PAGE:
In addition to the “me, too!” comments, I received quite a bit of email asking both “why?” and “how did you know what to cut?”
Let me take the “why?” question first.
Re-Visioning Your Life
Like many of you, life had been lived in the fast lane for so long that I only dimly remembered any other life. Sometimes there’s no choice, as I well remember: combining working with raising children with running a home with doing volunteer work with being a mom/nana/sister/daughter/friend/mentor/teacher to various people.
I always got a lot of work done–my generation was raised on the Puritan work ethic. But there was no time to do things like walk, have lunch with a friend, or even read a good book, much less go to bed early to get enough rest. And I couldn’t “write in flow”because there simply wasn’t much relaxed writing time.
Also, like many of you, I wondered when the craziness was going to end. I’m afraid I didn’t seriously do anything about it until I hit a few potentially serious health problems. That will get your attention! I thought about it and made plans all year so that when I hit the big 6-0 last month, I would be ready. Quality of life, here I come!
Nuts and Bolts of Cutting Back
Something had to give–that was clear. Several somethings actually. I didn’t need one more time management idea. And we can’t “manage time” really. We can only manage ourselves. When life is this full, the only way to make more time is to cut things out. But what things? And how?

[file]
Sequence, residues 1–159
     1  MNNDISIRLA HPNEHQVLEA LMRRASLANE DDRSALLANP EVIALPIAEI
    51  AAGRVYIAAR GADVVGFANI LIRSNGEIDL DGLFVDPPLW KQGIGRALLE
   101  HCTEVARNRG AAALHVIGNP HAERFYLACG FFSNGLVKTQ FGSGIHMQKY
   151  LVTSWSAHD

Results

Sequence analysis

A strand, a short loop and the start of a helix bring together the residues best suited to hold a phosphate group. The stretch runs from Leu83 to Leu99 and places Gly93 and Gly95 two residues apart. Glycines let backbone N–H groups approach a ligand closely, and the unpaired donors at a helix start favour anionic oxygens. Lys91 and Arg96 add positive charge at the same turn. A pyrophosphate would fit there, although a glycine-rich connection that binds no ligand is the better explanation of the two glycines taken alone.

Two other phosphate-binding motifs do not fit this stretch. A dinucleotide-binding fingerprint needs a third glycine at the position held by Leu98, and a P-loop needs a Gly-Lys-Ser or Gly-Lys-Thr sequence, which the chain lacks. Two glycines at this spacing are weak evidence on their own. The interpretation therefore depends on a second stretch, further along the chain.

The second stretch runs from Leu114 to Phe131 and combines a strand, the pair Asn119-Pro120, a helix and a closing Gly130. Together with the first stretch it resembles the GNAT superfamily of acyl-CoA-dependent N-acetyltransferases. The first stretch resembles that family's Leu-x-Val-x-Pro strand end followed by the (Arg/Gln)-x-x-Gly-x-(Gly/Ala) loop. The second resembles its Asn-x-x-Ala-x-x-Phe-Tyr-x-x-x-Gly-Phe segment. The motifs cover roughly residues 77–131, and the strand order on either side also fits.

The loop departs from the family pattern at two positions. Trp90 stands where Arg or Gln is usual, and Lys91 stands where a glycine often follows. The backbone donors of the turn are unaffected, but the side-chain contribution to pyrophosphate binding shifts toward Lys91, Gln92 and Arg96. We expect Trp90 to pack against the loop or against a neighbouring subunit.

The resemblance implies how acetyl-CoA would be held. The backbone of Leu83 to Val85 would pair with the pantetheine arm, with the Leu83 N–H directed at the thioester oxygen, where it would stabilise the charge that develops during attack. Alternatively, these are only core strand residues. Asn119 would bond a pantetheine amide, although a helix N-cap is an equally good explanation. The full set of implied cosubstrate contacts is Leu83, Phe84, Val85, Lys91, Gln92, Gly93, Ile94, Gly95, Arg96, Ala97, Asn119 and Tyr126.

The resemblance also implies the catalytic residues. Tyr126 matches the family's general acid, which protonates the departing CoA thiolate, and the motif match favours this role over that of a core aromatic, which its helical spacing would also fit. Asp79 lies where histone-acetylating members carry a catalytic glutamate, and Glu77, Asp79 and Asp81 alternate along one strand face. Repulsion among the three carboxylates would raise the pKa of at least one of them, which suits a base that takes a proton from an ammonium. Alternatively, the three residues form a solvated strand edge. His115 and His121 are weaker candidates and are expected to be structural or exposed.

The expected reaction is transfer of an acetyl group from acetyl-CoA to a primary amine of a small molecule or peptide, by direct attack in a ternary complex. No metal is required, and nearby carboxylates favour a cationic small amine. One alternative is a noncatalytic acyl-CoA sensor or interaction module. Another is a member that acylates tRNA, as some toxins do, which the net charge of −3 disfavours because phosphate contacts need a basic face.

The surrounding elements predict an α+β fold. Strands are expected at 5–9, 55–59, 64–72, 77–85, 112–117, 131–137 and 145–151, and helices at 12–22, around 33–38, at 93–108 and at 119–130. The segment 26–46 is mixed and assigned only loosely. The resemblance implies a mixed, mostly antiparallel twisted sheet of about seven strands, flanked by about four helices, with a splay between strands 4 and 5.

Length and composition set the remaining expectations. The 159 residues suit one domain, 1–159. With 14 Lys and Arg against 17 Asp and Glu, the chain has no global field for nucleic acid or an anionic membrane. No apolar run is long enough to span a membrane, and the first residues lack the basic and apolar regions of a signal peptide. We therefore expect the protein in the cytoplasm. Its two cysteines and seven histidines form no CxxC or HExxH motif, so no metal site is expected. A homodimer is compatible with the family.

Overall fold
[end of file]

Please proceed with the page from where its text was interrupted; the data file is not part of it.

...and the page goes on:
Tough questions, and I’ve been reading books and journaling like mad all year on those topics. I didn’t want to make any knee-jerk decisions based on exhaustion or fear for my health.
For those of you who asked, briefly these are the steps I took–and ones you can certainly take–to reclaim your life and health and (my biggest dream) time to write!
First, I figured out where all my time was going. I was the proverbial hamster on a wheel, but sometimes my “to do” list was longer when I went to bed than when I started work in the morning! But truthfully, I had no idea where many of my hours were going.
I kept track of my hours for about six weeks, writing down not just how I spent my time in general, but specifically. (I used to just mark off “work hours.” This time I printed out time grids broken into half hours around the clock, and marked off everything. I also broke down “work” into things like writing fiction, work-for-hire writing, blogging, social networking, critiquing, studying, answering email, etc.)
It was time-consuming, but those time grids yielded a wealth of information. I could see easily which work segments contributed the most money per hour. I was shocked how much time got wasted on unnecessary email and web surfing, usually when I was tired and didn’t want to start the next project on my list.
I did the same time grid idea for volunteer work, babysitting grandkids, and all the other ways I was spending my time. I knew I wasn’t going to sacrifice weekly time with my grandkids, but frankly, my energy was running out before the week ended.
What Are Your Priorities?
After adding up the hours in various categories (work, sleep, eating, grandkids, healthy activities like walking, etc.), I then listed my activities in order of priority based on the amount of time used per week. It was a shocker. The things I knew in my heart were my priorities were closer to the bottom of my list than the top. I was surprised how little time I spent weekly on the people and work projects that were the loves of my life.
One book I read said that how you spend your time reveals your true priorities, no matter what you claim they are. So I decided to journal the answers to several questions over the course of last summer. Here are some of the questions I prayerfully asked myself: